Originally planned for May 3 release, Futuremark delayed the long awaited system benchmark to this Thursday, May 12, 2011. According to Oliver "Ollie" Baltuch, president of Futuremark Corporation, the company decided to delay the launch due to last-minute fixes and tweaks in order to ensure stability of performance results.
Given that the last PCMark worked on Windows Vista alone (runs on Windows 7 too), don’t be too surprised to hear that the only OS that can run PCMark 7 is – Microsoft Windows 7, of course. Futuremark decided for such move in order to ensure complete system optimization across the board – regardless of what hardware you run, Windows 7 should yield apples-to-apples results.
The benchmark is consisted out of 25 tests divided into seven tests:
- PCMark Test measures overall system performance and returns an official PCMark score
- Computation test focuses on computation performance of the system (CPU, GPGPU)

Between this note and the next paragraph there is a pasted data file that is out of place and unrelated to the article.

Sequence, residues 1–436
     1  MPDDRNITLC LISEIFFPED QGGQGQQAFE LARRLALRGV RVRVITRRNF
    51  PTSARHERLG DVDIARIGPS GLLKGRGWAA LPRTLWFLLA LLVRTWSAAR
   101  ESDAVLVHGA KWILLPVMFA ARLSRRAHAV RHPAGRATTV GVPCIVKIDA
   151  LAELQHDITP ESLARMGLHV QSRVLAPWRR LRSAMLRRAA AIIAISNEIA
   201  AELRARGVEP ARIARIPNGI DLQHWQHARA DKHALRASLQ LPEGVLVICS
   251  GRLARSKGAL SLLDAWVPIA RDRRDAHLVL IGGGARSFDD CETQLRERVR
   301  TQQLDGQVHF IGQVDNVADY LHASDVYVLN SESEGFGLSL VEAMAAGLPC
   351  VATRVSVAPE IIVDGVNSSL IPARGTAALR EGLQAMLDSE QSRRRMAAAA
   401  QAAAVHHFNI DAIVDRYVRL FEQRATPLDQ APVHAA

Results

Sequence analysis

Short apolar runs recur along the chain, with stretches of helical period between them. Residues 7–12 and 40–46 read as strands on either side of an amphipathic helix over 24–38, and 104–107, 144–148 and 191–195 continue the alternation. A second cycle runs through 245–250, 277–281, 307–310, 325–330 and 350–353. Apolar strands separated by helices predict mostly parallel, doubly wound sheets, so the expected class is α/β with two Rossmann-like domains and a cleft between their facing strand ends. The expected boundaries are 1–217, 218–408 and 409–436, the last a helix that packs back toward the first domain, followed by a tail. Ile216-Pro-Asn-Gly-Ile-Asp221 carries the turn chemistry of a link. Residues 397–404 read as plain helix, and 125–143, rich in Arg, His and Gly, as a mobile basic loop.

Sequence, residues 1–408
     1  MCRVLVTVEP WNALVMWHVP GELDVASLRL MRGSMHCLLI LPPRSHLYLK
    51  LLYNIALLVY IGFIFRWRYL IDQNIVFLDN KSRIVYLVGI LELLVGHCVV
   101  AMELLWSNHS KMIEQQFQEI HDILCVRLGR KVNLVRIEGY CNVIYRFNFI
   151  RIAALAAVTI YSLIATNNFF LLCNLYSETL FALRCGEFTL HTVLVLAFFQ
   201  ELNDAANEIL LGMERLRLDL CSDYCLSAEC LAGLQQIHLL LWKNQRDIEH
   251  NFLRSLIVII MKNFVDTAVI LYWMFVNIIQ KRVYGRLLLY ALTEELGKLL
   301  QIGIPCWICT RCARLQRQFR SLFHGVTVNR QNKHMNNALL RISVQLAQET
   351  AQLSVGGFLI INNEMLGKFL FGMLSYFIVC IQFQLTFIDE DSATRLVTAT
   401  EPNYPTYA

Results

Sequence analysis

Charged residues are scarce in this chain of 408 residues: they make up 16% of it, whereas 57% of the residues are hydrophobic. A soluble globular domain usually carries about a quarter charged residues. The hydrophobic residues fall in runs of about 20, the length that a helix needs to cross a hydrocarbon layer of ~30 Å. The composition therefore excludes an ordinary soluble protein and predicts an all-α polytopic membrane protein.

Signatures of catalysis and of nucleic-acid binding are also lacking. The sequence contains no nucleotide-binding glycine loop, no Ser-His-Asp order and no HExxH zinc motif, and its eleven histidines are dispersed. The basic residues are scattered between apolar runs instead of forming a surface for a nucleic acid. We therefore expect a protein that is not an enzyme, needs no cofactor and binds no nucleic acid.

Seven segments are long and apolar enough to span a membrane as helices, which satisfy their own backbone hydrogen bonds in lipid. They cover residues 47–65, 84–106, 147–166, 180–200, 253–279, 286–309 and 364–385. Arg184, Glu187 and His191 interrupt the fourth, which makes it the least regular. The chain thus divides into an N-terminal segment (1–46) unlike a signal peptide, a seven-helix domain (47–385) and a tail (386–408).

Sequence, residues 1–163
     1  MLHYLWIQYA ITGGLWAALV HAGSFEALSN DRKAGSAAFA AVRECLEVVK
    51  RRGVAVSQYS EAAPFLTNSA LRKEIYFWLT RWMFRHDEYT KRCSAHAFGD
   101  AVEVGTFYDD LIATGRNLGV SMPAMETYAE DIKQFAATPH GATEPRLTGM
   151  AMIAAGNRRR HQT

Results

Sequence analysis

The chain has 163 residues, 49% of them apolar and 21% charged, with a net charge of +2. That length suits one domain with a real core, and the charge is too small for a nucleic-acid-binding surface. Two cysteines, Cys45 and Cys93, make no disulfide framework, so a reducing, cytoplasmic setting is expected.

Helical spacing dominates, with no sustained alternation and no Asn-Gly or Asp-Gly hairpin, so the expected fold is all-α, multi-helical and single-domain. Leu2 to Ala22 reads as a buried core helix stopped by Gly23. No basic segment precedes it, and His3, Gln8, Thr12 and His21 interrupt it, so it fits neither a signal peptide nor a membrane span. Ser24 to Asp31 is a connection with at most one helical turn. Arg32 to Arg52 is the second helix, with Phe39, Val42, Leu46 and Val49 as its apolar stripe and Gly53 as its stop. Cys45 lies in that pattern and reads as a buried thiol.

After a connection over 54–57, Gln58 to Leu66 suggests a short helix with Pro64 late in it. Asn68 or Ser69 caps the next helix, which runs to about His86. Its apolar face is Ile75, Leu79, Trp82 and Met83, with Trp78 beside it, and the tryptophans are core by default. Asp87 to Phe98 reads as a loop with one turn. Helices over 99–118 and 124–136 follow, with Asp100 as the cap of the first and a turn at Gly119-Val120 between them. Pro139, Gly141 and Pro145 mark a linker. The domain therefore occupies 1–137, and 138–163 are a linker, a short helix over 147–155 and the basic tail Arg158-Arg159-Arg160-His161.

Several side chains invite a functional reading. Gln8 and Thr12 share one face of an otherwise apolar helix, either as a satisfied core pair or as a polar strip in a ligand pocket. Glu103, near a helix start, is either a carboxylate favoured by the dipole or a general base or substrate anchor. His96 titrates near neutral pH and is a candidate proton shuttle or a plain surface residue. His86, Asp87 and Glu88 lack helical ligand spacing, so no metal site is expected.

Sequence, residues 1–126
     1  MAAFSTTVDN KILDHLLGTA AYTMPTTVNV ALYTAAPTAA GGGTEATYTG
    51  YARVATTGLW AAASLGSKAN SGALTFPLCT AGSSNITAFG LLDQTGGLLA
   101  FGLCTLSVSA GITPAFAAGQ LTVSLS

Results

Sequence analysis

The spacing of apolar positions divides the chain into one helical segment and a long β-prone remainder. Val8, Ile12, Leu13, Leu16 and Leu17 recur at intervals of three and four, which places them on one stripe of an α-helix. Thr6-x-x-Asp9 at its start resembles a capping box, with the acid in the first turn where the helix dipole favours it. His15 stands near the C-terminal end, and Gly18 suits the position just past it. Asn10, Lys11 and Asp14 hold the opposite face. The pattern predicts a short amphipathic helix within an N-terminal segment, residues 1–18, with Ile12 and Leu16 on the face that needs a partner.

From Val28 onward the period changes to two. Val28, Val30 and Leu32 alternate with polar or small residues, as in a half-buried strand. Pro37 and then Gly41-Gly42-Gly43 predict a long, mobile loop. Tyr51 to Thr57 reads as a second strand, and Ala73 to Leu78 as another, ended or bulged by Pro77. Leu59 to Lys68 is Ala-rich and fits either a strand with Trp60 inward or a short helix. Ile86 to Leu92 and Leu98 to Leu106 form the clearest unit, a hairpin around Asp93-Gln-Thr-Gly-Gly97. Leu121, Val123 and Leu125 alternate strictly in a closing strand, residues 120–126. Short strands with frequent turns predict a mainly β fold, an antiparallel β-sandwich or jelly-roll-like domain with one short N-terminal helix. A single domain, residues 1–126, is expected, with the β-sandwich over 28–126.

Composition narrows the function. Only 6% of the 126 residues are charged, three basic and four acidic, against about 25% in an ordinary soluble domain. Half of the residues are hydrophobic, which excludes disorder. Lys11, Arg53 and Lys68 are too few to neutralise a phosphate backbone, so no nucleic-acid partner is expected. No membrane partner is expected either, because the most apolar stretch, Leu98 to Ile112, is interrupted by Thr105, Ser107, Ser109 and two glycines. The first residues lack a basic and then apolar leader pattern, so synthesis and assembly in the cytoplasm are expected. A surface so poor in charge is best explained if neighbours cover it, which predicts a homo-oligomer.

- Creativity Test measures performance in creativity scenarios involving images and video
- Entertainment Test measures system performance in entertainment, media and gaming scenarios
- Lightweight Test measures the capabilities of entry level systems unable to run the full PCMark test
- Productivity Test measures system performance scenarios using the Internet and office applications
- Storage test isolates the performance of the PC’s storage system
As it usually goes with Futuremark releases, there are several versions of the program available. PCMark 7 Basic Edition is completely free and allows you unlimited amount of PCMark results. PCMark 7 Professional Edition will run for $29.95 and enables you to run all the tests in the benchmark. If you’re a manufacturer or intend to run PCMark 7 in commercial purposes, you need to license PCMark 7 Professional Edition which will set you back for $995.
The art for the boxed version of PCMark 7 is featured below: